The “gold standard” enriched culture medium (ECM) tests are intended to be available for healthcare professionals to use on high-risk mothers, though the support group claims this test is not in widespread use. If a test proves positive it means the mother can be given antibiotics during labour, reducing the chance of infection passing to the baby.
Mr Crammond added: “If you compare the UK against other first- world countries, I believe nearly all of them test routinely for GBS.
“They seem to understand that GBS is not just causing deaths in babies, it’s also leading to the development of meningitis, cerebral palsy, and other lifelong illnesses.”
‘Very low risk’
Anne Mackie, director of programmes for the UK National Screening Committee (NSC), said the current stance was taken following a review in collaboration with the Royal College of Obstetricians and Gynaecologists (RCOG), the Royal College of Midwives and NHS England.
“The most recent review of screening concluded that the probability of a baby being affected by Early-Onset Group B Streptococcus (EOGBS) identified by antenatal testing with the ECM would be very low,” Dr Mackie added. “However, the number of women that would be offered antibiotics as a result of having a positive test result would be very high. This could expose the mother and baby to unnecessary antibiotic use.
“We want to reassure women that if, during pregnancy, or following the birth of their baby, there is any risk of an infection, appropriate treatment would be offered to ensure their and their baby’s safety.”
Dan Poulter MP
Central Suffolk and North Ipswich MP Dan Poulter, who has also trained in obstetrics and gynaecological medicine, said the tests had proven effective in helping to prevent GBS infections, which could “destroy young lives” and have a “huge effect on whole families”.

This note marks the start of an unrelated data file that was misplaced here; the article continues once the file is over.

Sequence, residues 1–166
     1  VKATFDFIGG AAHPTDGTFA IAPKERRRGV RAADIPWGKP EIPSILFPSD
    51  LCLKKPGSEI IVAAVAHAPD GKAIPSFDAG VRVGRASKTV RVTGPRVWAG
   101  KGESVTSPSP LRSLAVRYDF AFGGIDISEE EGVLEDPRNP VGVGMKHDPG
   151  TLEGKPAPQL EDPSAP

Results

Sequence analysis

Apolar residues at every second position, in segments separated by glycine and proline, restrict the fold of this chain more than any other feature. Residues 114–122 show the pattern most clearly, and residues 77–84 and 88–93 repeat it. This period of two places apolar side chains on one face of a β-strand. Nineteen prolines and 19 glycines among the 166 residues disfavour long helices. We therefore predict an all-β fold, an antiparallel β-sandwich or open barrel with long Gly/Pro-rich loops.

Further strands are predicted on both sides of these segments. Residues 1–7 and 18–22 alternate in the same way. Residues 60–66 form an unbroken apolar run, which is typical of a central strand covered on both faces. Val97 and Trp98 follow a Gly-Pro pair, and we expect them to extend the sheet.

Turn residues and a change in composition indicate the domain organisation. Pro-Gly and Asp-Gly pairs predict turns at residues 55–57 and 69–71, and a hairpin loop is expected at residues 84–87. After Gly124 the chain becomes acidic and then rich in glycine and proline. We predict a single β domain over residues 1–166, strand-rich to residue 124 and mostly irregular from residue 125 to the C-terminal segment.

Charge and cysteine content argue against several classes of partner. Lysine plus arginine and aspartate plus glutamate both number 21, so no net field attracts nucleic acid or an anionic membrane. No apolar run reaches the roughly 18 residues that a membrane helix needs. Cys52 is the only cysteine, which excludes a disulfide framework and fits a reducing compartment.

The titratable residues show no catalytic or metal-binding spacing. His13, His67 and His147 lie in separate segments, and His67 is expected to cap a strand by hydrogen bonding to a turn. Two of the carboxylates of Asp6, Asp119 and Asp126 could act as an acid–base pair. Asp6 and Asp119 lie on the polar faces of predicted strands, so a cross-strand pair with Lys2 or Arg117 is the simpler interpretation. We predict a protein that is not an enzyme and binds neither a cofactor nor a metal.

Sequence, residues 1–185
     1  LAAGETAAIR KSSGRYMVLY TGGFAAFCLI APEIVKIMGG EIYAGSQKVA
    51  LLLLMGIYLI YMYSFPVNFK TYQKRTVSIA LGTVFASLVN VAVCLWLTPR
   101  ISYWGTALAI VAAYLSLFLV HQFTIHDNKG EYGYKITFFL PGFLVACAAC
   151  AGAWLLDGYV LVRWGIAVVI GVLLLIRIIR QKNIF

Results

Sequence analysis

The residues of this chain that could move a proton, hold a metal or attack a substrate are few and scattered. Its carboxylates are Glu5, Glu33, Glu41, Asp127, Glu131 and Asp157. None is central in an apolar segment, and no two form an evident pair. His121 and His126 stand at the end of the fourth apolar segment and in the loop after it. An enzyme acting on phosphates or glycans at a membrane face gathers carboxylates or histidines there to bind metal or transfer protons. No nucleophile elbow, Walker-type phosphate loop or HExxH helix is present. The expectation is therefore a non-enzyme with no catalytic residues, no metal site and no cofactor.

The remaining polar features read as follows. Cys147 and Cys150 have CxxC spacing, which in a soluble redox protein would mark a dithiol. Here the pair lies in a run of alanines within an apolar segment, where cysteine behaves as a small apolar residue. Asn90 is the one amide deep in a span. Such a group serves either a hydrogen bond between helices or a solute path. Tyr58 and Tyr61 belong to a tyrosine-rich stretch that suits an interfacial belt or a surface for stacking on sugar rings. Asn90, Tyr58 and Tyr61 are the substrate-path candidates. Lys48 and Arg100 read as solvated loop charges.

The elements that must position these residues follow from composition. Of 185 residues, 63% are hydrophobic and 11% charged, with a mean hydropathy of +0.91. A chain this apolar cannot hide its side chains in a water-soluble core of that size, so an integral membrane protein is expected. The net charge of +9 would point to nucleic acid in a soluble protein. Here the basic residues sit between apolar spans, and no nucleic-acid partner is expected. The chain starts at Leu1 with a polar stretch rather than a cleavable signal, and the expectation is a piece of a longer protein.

“Any death of a baby, particularly when it could have been prevented, can have devastating effects that often stay with families for the rest of their lives,” he added. “Anything we can do to reduce the impact, the better.”
Despite this, health professionals are not currently recommended to offer routine testing to pregnant women, according to policy agreed at the UK National Screening Committee’s (NSC) latest review.
Dr Poulter said the evidence for routine screening was “not compelling enough” at the time, highlighting examples of “false positive results”, where woman are positive at the time of testing, but not at birth, resulting in antibiotics being given unnecessarily, giving rise to resistance.
“In the meantime, though, I think the evidence is beginning to tip more in favour of the need for routine screening,” he added. “It will be considered by the NSC at its next review.”
Calls for tests to be routine
The Group B Support Group estimates at least 400 babies in the UK are infected with GBS every year, which it says is the most common cause of life-threatening infections in newborns. Around a tenth of infected babies die, while half of those infected with GBS meningitis suffer long-term mental and physical problems.
The charity claims the tests remain unavailable to most NHS health professionals, and has launched its new campaign “Why guess...when you can test?”
A petition launched on Change.org has also amassed nearly 200,000 signatures calling for every pregnant woman to be offered more information about GBS, as well as access to the ECM test and antibiotics during labour if GBS is detected.
To find out more about the charity’s campaign visit w
Are you concerned?
Pregnant women who are concerned about whether GBS could infect their baby during labour are advised to visit the GBS website to find out where they can get the “gold standard” test.
The test will normally be offered to mothers whose babies are deemed at high risk, but some hospitals offer it upon request.
It is available privately from around £35 for a home-testing pack.
If you are found to be carrying GBS during pregnancy you should be offered intravenous antibiotics from the start of labour and at intervals until your baby is born, which minimises the chances of infection.